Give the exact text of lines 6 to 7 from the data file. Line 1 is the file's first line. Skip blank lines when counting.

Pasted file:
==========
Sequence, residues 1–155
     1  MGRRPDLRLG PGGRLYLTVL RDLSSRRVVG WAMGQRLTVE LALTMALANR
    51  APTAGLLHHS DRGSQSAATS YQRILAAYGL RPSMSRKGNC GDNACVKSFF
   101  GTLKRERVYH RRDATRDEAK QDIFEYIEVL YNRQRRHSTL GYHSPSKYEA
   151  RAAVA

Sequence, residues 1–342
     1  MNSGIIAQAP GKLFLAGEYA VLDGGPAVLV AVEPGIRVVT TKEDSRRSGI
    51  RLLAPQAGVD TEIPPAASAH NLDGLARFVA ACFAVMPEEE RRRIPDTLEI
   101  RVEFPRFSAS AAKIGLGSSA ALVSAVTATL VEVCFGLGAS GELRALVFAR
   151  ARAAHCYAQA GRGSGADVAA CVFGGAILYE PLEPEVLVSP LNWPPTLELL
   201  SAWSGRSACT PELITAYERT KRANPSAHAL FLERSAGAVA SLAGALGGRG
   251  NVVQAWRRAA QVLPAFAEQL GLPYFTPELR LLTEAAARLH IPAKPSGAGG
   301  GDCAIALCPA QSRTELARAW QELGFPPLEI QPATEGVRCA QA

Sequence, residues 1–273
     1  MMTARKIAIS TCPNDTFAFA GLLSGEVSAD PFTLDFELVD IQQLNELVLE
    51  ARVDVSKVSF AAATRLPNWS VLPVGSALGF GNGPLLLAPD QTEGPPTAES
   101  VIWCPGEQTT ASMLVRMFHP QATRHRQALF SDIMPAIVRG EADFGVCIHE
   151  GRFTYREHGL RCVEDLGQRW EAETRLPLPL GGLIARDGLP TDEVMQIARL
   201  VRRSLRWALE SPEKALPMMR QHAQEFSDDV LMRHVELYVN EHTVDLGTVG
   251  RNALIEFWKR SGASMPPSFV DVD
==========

Sequence, residues 1–342
     1  MNSGIIAQAP GKLFLAGEYA VLDGGPAVLV AVEPGIRVVT TKEDSRRSGI